Pushing Boundaries at LocLeaders and LocWorld Dublin 2014
Olga Blasco, Senior Vice President of Supply Chain and Production Business Units at Welocalize, led the discussion “What Not to Translate” at the recent LocLeaders Forum in Dublin. At Localization World 2014, Olga took part as a featured panelist at the LocWorld keynote discussion on day two, “Keep Calm and Carry On,” which detailed how to best manage disruptive innovations. In this blog, she shares her key takeaways from both discussions.
As I reflected on our LocLeaders Forum in Dublin and the LocWorld conference that followed, one overriding thought emerged: The power of “what if” is constantly accelerating the pace of change and disruptive innovation in our industry.
Today’s market economics have forced all of us to reassess how to maximize return on global content by whatever means possible. We have collectively evolved from articulating the challenges created by an ever increasing demand for product content diversity and consumption across the globe. This means we need to actively pursue alternative approaches to the time, quality and cost equation so that we can make wider and speedier brand reach more possible.
How many of us got to this point with a bold “what if” conversation? What if we could significantly improve turn-around-times (TAT) on marketing content whilst maintaining high quality? What if we could rely on brand enthusiasts to translate the products? What if user-generated content (UGC) could be quickly made available in any language to guarantee reach? What if we could increase the funds available to penetrate new markets while maintaining or reducing the total localization budget?
The key to turning all this to reality is pushing the usual boundaries in relation to what, who, how and why and build flexibility into the supply chain. The most difficult part is to create a sustainable ecosystem where inefficiencies are not just moved from one entity to another in the process. Emphasis is being put on using technology as a true productivity and sourcing enabler, matching the right talent match to content type and adopting quality evaluation (QE) methodologies that are aligned to content impact purpose.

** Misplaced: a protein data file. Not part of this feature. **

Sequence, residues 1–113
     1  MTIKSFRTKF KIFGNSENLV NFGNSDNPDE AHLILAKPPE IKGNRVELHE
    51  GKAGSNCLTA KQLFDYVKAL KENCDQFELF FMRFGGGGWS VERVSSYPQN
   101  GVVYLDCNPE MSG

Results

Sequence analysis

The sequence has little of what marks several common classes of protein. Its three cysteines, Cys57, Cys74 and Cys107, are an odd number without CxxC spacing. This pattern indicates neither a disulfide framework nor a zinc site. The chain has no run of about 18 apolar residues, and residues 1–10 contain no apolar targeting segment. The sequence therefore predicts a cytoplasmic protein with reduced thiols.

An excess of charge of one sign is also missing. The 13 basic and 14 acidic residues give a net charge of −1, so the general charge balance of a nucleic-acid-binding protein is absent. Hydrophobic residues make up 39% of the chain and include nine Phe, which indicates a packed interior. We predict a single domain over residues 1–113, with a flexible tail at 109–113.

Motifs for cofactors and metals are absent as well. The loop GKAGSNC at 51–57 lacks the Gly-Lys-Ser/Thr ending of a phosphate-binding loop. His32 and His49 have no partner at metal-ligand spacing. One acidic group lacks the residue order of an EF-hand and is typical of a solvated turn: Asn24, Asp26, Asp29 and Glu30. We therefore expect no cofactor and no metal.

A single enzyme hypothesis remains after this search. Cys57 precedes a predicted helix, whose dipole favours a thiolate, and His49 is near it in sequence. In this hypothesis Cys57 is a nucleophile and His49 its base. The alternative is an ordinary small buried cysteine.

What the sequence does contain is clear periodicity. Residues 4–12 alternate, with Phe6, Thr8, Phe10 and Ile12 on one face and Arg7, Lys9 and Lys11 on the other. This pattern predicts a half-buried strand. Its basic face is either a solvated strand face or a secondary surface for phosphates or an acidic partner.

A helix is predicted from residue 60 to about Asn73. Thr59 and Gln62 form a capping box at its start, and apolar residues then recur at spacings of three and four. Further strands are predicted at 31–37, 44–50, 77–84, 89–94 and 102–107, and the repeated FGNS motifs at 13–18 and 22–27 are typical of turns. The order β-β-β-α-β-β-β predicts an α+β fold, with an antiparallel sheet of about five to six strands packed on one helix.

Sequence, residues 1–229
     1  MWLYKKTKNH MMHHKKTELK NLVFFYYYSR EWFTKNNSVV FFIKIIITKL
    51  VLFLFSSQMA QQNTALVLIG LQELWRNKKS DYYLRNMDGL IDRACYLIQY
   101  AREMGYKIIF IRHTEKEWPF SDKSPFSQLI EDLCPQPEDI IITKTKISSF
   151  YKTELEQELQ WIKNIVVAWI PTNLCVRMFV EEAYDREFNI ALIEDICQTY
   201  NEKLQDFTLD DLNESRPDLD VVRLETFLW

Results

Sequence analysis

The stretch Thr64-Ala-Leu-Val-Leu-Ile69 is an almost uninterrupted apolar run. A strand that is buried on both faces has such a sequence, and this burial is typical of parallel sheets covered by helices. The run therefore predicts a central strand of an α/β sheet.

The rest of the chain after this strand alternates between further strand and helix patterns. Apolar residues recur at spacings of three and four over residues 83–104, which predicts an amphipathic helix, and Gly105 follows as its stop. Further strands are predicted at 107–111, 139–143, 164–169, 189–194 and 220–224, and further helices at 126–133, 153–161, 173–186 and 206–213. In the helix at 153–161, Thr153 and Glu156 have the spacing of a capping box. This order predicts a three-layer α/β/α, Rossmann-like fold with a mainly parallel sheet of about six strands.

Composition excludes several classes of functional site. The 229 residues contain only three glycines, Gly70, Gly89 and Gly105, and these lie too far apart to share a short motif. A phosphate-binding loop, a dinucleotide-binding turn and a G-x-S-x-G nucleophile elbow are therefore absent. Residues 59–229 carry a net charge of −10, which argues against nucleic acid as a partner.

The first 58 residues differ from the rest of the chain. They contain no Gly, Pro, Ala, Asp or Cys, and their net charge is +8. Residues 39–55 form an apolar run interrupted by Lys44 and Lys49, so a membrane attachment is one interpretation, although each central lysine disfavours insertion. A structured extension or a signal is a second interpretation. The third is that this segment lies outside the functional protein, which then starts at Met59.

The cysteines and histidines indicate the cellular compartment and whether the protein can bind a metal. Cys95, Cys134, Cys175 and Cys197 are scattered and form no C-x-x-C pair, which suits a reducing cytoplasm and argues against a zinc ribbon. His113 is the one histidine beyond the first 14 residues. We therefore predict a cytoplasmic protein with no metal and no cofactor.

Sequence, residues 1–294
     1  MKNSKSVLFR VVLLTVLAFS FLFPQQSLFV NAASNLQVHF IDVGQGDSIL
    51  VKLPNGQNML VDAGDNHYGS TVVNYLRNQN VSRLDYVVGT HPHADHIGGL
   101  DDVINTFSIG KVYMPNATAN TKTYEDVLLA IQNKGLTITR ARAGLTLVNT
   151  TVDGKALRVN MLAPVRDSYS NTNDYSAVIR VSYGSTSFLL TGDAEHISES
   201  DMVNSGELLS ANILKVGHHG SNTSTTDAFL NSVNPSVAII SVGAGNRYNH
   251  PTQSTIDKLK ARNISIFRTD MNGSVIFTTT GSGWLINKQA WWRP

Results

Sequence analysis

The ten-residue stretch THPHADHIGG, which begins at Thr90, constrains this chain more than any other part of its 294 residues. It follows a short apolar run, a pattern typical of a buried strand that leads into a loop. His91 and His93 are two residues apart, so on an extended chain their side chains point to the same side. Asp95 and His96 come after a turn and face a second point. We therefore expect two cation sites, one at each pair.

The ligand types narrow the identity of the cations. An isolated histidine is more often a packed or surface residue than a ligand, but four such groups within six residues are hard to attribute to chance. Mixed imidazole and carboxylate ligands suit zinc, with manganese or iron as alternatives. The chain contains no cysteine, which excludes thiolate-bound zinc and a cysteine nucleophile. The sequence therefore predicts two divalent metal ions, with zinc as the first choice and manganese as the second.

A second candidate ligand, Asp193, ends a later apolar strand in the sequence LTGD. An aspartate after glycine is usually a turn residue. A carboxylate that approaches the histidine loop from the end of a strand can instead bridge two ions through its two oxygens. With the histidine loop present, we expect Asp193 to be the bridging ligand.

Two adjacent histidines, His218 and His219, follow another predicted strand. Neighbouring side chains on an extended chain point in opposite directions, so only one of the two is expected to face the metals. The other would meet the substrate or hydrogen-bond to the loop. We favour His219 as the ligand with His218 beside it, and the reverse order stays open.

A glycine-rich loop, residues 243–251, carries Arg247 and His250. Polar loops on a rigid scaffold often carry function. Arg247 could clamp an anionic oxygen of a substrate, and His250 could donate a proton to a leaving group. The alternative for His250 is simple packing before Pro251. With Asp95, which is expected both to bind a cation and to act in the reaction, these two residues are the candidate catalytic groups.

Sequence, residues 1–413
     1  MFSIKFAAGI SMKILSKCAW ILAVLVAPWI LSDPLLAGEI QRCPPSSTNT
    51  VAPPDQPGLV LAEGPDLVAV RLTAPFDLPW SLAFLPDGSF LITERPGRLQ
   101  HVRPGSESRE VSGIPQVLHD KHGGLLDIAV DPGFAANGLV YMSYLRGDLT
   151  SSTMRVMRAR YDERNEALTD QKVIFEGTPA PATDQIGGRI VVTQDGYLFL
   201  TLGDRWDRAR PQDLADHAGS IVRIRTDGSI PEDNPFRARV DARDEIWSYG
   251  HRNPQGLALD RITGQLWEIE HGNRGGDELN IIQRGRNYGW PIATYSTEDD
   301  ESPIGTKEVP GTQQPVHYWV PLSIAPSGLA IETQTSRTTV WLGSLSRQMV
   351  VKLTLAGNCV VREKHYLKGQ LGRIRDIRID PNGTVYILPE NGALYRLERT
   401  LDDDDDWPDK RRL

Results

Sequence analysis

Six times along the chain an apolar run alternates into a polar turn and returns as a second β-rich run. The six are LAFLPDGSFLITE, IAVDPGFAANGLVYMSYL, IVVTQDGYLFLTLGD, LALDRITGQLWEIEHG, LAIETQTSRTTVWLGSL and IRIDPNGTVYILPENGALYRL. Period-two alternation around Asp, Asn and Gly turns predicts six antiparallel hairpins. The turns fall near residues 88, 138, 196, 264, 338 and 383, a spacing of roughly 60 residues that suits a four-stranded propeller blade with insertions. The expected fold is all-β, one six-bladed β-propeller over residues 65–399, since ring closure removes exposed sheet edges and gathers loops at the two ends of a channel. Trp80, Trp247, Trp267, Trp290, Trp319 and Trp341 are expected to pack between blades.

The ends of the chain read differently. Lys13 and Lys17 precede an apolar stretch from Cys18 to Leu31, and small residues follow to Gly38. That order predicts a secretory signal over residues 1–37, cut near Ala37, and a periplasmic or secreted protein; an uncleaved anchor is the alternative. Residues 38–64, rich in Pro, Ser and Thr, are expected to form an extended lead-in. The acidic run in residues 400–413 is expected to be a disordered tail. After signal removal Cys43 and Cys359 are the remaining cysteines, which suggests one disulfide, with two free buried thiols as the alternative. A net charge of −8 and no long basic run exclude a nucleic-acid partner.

Here are some of my takeaways from the discussions at LocLeaders Forum 2014 and LocWorld in Dublin:
- Sophisticated MT programs, especially those that involve high-visibility content, can only be successful if there is continued investment into training both the MT engines and the supply chain to deliver higher post-editing (PE) productivity and consistent quality results. This requires long-term commitment from engine developers and LSPs, like Welocalize. Being able to demonstrate results and linking them to business objectives is directly proportional to over-coming resistance and augmenting adoption across all stakeholders.
- Access to individual talent credentials is quickly becoming a prerequisite to choosing the right business partner. Building confidence is more effective and has positive effects in the relationship when the black box disappears (see Smith’s blog, Dating Websites, Black Boxes and Translation Quality). Buyers want to be reassured that every single resource working on their deliverables is the best possible choice to deliver the brand message. Not only that, buyers also expect LSP’s to ensure that qualified supply is available, ready and motivated to perform.
- The importance of attracting, training and retaining talent fit for purpose is a topic that took center stage at a few sessions and is top priority for both clients and LSPs. In critical target markets driving high content demand, we are experiencing shortages in specialized resources and recruitment conversion rates can be low even at the most tolerant SLA tiers. Among the different initiatives being discussed on how to close this significant gap, here are the ones gaining most traction:
- Creating greater and better defined opportunity and localization career path awareness through social media campaigns and webinar event presence
- Identifying academic champions in key markets that can influence university curriculum that speak to the needs of the localization industry
- Invest in client/LSP driven training programs that continuously develop university graduates or professionals from other industries who present the right potential into becoming experts and create loyalty and continuity to deliver returns
- Crowdsourcing is gaining traction among us as a successful means to cast a larger net on a wider spectrum of talent skill sets and configurations to deliver bilingual services outside of traditional supply chain models. Some leading brands are turning to non-professional, passionate users to deliver some services under professional community moderation. Recognition awards, easy-to-use community on-boarding platforms and tool training modules are a few of the necessary investments to keep the crowds engaged beyond financial compensation.
- There is a clear demand for innovation in relation to quality strategy and execution, particularly in relation to measuring brand voice and sentiment adherence as part of evaluation process beyond the time-consuming feedback loops between stakeholders, reviewers and translators. There has been significant progress since the launch of TAUS DQF and many organizations have also been customizing their own quality models further to address this need. However, other interesting ideas on the table include dynamically correlating quality scores to user experience ratings and product reach. This will open an interesting dimension to budget allocation and decision-making as regards to maximizing return on content.
Pushing boundaries together is the most exciting part of our business. Let’s keep the momentum going!
Olga Blasco is Senior Vice President of Supply Chain and Production Business Units at Welocalize.